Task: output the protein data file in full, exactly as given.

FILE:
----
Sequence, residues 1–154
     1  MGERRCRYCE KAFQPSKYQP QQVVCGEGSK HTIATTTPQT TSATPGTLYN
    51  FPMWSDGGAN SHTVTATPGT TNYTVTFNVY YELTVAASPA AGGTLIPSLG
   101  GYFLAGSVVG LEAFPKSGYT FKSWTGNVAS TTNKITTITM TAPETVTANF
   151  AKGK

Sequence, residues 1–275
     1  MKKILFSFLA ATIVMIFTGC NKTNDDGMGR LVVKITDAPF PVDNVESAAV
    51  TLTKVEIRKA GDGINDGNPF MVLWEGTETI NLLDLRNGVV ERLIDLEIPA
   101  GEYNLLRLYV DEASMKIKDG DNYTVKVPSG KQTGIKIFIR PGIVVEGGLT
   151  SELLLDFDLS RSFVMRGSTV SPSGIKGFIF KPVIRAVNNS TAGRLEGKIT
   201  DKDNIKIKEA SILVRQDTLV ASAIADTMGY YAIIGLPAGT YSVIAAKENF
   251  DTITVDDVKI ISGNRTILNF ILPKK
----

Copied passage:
Sequence, residues 1–154
     1  MGERRCRYCE KAFQPSKYQP QQVVCGEGSK HTIATTTPQT TSATPGTLYN
    51  FPMWSDGGAN SHTVTATPGT TNYTVTFNVY YELTVAASPA AGGTLIPSLG
   101  GYFLAGSVVG LEAFPKSGYT FKSWTGNVAS TTNKITTITM TAPETVTANF
   151  AKGK

Sequence, residues 1–275
     1  MKKILFSFLA ATIVMIFTGC NKTNDDGMGR LVVKITDAPF PVDNVESAAV
    51  TLTKVEIRKA GDGINDGNPF MVLWEGTETI NLLDLRNGVV ERLIDLEIPA
   101  GEYNLLRLYV DEASMKIKDG DNYTVKVPSG KQTGIKIFIR PGIVVEGGLT
   151  SELLLDFDLS RSFVMRGSTV SPSGIKGFIF KPVIRAVNNS TAGRLEGKIT
   201  DKDNIKIKEA SILVRQDTLV ASAIADTMGY YAIIGLPAGT YSVIAAKENF
   251  DTITVDDVKI ISGNRTILNF ILPKK